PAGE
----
While it is difficult to find much coherence within the fractured and fast-changing Tea Party Movement, a look at their convention in Nashville last week shows that the issue of immigration seems to have gained greater popularity, emerging largely from the links made between immigration and the healthcare debate at their town hall meetings held last summer. Spearheading this issue for the Tea party agenda was Tom Tancredo, a former Colorado Congressman who kicked off the Nashville Tea Party Convention with a slew of racist comments meant to further the argument against immigration reform.
And then because we don’t have a civics literacy test to vote, people who couldn’t even spell vote, or say it in English, put a committed socialist ideologue in the White House named Barack Hussein Obama.
The Nashville Convention sought to unite the movement against the path to legalization. Tancredo’s opening speech included the argument that while Obama’s plans for immigration reform needed to be halted, it was a good thing that McCain had not been elected or he would already have ensured that Rep. Gutierrez’s bill for immigration reform was passed and “amnesty” given to the country’s undocumented immigrants. He incited the audience to protect the country’s culture saying “our culture is based on Judeo-Christian values whether people like it or not!”
While some, such as a Tea Party blogger Keli Carender said that immigration was not a part of the official agenda, Tancredo’s opening remarks, the prominent presence of the anti-immigrant group NumbersUSA, as well as a number of signs against “amnesty” from their individual supporters at the convention indicated that immigration issues could become a prominent feature on the movement’s agenda.
So what would Tom Tancredo have to say about the latest report by the Urban Institute that holds that immigration enforcement has a large-scale, detrimental effect on children? The truth is that the immigration system is in dire need of reform and racist rhetoric is not going to solve the complex problems caused as a result of a broken immigration system.
The report is based on research conducted amongst over 100 children of undocumented immigrants that were targeted by raids and arrests by Immigration and Customs Enforcement (ICE) in six U.S. states. Of the 190 children interviewed for this study, two-thirds were U.S. born citizens. The study says,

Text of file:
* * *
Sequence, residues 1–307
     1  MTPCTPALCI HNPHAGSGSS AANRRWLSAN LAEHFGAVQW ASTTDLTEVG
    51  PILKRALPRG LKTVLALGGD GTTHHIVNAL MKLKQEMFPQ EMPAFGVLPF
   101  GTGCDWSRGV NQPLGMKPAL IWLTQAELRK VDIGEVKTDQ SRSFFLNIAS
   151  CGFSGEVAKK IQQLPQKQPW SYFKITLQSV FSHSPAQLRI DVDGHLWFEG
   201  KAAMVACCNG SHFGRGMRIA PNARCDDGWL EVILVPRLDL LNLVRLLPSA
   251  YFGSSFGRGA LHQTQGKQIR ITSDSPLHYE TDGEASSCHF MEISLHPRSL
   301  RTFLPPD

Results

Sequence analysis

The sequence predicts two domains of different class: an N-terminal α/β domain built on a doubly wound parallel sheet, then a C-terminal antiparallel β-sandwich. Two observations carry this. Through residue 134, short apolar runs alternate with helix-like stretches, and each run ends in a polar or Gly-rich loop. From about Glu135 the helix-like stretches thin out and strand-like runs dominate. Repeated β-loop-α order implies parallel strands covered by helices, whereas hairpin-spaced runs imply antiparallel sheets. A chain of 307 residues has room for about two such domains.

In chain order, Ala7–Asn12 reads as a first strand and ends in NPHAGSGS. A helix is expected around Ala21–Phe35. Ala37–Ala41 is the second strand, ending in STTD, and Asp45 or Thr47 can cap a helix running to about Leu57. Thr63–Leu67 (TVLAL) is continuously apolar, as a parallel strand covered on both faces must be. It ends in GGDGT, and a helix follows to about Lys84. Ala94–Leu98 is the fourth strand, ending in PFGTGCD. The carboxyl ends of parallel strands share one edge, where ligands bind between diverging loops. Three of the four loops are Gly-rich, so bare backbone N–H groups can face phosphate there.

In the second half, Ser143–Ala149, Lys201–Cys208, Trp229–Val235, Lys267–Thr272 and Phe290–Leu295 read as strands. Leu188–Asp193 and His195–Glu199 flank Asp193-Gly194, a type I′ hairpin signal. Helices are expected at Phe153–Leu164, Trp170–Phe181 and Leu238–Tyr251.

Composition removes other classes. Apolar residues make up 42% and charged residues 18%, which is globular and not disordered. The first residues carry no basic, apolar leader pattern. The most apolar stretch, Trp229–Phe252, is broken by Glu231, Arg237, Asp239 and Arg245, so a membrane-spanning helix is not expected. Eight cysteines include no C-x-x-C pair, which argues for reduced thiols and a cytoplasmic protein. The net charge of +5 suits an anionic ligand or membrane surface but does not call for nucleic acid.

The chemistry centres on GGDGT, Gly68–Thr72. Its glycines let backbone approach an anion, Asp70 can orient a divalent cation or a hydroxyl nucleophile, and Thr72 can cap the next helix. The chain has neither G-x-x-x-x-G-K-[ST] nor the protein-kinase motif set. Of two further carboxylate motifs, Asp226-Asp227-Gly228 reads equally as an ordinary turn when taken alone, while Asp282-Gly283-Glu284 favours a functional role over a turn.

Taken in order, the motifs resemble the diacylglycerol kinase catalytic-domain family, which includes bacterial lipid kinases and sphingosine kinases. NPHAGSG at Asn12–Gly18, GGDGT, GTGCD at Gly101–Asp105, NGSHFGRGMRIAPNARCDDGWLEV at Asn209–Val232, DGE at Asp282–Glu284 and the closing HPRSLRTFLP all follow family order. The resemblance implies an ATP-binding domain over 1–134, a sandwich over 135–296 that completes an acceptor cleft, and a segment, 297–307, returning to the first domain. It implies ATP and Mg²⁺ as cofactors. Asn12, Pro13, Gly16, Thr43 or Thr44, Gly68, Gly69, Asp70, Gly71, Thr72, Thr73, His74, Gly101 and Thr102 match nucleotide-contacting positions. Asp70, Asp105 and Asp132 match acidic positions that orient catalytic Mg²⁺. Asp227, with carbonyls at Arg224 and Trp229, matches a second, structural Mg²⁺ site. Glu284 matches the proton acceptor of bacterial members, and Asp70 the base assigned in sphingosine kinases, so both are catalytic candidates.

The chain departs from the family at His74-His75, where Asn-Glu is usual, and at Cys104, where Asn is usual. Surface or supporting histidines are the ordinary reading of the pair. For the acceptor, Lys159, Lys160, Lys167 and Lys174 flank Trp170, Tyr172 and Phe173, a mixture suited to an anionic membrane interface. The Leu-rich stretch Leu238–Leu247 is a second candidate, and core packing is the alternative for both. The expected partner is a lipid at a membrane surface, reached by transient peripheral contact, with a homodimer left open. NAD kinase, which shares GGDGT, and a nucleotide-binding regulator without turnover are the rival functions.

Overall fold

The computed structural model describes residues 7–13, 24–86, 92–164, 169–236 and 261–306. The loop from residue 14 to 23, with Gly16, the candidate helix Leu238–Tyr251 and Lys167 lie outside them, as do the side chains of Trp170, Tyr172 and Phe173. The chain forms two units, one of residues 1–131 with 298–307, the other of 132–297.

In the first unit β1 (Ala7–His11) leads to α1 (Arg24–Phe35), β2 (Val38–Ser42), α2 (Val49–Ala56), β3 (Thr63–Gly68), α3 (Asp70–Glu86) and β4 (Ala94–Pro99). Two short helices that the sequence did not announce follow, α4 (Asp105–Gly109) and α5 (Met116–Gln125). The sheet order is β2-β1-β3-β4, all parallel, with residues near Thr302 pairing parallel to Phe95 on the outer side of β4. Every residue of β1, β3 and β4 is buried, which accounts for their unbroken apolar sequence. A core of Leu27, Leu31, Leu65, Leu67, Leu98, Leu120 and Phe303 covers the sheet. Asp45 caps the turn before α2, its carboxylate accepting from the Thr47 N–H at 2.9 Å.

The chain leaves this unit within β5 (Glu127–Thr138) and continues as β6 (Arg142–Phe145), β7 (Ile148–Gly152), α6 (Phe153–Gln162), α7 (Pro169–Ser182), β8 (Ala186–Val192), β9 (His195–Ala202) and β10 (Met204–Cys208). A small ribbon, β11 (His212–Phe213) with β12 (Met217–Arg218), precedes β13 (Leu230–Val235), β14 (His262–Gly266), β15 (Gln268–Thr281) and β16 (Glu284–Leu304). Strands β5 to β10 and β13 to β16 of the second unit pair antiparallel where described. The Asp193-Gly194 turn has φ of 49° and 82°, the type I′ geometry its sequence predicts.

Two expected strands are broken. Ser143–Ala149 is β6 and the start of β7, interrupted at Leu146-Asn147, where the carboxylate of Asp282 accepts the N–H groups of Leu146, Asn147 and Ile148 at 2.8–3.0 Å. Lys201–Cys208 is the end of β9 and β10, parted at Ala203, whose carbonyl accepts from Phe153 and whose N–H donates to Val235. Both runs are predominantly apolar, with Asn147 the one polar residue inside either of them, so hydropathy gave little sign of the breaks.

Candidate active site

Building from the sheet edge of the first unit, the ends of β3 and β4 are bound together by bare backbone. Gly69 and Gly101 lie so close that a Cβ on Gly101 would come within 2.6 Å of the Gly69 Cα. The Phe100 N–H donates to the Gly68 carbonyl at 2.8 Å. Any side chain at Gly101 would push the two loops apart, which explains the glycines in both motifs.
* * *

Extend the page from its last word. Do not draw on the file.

Children whose parents were detained for longer than a month experienced more changes in eating, sleeping, frequent crying, fear, anxiety, regression, clinginess, and aggressive behavior. 68% of parents or caretakers questioned said they noticed at least three behavioral changes in the short-term, or three months after a parent was arrested. In the long-term, or nine months after an arrest, 56 percent of children ages 6 to 11 and 12 to 17 showed angry or aggressive behavior. The most typical changes were an increase or decrease in eating among all age groups.
Long-term separation of children from their parents is “exceptionally harmful” to the development and growth of children. The report recommends immigration reform must include alternatives to detention such as electronic monitoring and supervised released, as well as a priority quota for immigrants with children to be considered for legal residency.
It’s groups like Tancredo’s that have gone on about the connections between immigrants and crime. An ACLU brief finds that the increasing criminalization of undocumented immigrants has led to a diversion of attention and resources away from more serious criminal offenses such as organized crime, gun trafficking and white collar crimes. For starters unlawful presence in the United States is NOT a “crime”. And secondly only the Federal Government can regulate immigration. So when states and localities use criminal laws to go after undocumented immigrants, they are not only adding to the misinformed rhetoric around “criminal” immigrants but actually diverting resources from where they should be applied. Moreover, studies have shown that increased immigration does not lead to increased crime and that immigrants are less likely to be incarcerated for violating criminal laws than non-immigrants.
Once again, we urge the leaders and citizens of this country to step away from their petty vendettas and take a look at the bigger picture, both in terms of what already exists and in terms of what would be best for all.
Photo courtesy of RaceWire.org